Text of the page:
Aarkstore.com - Biomarkers in Parkinsons Disease_ 2011 by winaarkstore


									Aarkstore.com announces, a new market research report is available in its vast collection:

                    Biomarkers in Parkinsons Disease, 2011


This report presents a comprehensive update on PD biomarker developments up to 2010. It covers the
major classes of emerging and new markers relating to PD (blood, CSF, metabolomic, image-based,
genetic and others), and focuses on those investigated in controlled human studies. This includes
single and combined markers.

Parkinsons disease (PD) is the second most-common neurodegenerative disorder (after Alzheimer’s
disease), and affects movement control. This condition develops due to the loss of dopamine-
producing nerve cells in the Substantia Nigra, located in the mid brain. According to the US National
Parkinson Foundation (NPF), 50 to 60,000 new cases of PD are diagnosed every year in the US, and
one million people in the US already have the disease. Individual country incidence rates vary, but the
NPF estimates that four to six million people around the world suffer from this condition.

In most cases, PD is diagnosed clinically. While this successfully identifies >90% of individuals
requiring treatment for this condition, findings show that the first motor symptoms, such as
bradykinesia, rigidity and tremor, may not occur until 30 to 50% of dopaminergic neurones have
already been lost. This scenario creates an urgent need for tests that enable PD to be detected in its
earliest stages, to allow appropriate treatment to begin.

Important advances have been made in the diagnosis of PD using imaging methods such as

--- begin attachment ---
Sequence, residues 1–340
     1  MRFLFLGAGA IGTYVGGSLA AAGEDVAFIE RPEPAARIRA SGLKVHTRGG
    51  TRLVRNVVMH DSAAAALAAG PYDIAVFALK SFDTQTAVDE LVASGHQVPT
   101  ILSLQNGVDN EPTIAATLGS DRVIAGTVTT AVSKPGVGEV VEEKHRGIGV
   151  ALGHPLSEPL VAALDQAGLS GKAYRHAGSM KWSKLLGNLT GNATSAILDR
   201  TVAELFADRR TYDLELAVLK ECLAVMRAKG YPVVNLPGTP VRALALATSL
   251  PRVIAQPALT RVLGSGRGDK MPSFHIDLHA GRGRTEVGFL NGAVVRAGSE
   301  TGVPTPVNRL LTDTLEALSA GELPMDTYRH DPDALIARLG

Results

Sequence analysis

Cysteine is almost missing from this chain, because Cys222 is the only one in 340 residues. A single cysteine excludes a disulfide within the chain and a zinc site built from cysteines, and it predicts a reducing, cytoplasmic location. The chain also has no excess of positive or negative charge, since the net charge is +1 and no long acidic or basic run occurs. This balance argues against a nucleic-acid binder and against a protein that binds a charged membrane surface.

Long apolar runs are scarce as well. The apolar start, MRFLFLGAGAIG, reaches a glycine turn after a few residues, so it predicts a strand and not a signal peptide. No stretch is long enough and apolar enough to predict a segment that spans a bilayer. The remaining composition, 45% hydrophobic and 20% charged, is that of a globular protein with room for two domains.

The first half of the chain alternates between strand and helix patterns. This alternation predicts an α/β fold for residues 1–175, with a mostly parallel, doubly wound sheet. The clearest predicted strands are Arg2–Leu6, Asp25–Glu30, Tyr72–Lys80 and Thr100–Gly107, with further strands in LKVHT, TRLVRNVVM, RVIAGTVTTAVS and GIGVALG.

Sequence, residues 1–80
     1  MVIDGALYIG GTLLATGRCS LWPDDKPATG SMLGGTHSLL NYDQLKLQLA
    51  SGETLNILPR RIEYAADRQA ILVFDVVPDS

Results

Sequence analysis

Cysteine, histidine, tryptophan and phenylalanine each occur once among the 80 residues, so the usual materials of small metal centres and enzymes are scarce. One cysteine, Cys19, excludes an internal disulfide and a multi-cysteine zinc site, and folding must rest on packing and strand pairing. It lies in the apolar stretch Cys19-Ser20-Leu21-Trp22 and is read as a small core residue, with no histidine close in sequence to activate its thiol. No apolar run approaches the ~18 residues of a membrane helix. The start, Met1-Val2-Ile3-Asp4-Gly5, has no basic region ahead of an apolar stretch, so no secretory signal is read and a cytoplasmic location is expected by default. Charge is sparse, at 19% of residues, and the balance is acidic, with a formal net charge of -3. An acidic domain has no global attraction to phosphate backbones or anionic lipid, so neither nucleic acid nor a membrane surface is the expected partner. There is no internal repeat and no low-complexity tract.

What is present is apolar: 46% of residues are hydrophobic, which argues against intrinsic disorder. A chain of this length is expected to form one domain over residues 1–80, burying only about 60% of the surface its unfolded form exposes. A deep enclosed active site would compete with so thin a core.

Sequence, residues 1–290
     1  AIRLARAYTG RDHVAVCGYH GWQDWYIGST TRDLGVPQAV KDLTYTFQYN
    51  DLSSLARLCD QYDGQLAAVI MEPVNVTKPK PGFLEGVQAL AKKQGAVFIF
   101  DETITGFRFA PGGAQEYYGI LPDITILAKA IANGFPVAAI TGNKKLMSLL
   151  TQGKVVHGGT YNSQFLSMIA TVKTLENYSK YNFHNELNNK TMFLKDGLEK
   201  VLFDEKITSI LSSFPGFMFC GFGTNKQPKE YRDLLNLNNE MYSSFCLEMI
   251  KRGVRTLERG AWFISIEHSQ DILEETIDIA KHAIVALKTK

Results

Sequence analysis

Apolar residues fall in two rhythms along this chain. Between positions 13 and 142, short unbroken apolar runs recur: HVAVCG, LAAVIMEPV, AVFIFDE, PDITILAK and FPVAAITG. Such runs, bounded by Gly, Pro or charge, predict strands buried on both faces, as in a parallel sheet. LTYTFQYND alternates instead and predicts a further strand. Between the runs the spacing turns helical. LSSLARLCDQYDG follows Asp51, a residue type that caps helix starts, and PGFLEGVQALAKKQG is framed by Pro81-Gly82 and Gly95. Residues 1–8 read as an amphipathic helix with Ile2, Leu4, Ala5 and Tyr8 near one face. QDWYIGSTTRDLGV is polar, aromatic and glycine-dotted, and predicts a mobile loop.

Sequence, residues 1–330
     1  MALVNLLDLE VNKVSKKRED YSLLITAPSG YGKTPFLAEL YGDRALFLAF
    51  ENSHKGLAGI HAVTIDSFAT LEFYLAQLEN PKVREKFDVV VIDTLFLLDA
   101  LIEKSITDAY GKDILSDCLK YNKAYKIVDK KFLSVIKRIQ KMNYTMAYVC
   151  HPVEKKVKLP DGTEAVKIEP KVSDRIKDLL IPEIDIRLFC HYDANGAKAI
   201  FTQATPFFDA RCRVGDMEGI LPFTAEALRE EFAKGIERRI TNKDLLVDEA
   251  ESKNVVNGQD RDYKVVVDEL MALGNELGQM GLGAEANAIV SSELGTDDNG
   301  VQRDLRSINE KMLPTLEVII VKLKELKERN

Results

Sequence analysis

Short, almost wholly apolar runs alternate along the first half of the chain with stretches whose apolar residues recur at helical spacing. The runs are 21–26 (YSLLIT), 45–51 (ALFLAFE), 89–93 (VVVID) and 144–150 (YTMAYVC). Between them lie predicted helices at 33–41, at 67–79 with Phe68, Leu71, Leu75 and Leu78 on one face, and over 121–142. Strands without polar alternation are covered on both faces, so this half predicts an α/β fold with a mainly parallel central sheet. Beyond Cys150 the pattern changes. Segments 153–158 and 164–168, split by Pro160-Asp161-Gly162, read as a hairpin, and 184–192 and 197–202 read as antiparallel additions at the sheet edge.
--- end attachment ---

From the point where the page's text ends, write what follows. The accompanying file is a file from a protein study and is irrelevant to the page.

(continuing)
fluorodopa-PET and dopamine transporter SPECT. However, while these methods are important in
clinical research, they are complex, expensive, not widely available and inappropriate for the routine
screening of large populations. Likewise, genetic testing is important to PD in establishing traits,
predisposition and risk but these tests do not or may not confirm the manifest presence of the

These limitations create an urgent need for objective tests that detect and diagnose PD in its earliest
stages, to allow appropriate treatments to begin. Such tests, if they are to meet patient requirements,
should be simple, inexpensive, able to be used close to the clinical setting and available to all. Today,
biomarkers are at the centre of efforts to develop these test capabilities.

Table of Contents:

Executive Summary 3

Chapter 1. Background 22

Chapter 2. Biomarkers in the Blood 32

Chapter 3. Biomarkers in Cerebrospinal Fluid 50

Chapter 4. Genetic Biomarkers 58

Chapter 5. Image-Based Biomarkers 72
Chapter 6. Other Biomarkers 78

Chapter 7. Diagnostic Tests 90

Chapter 8. Clinical Trials 94

Chapter 9. Discussion 103

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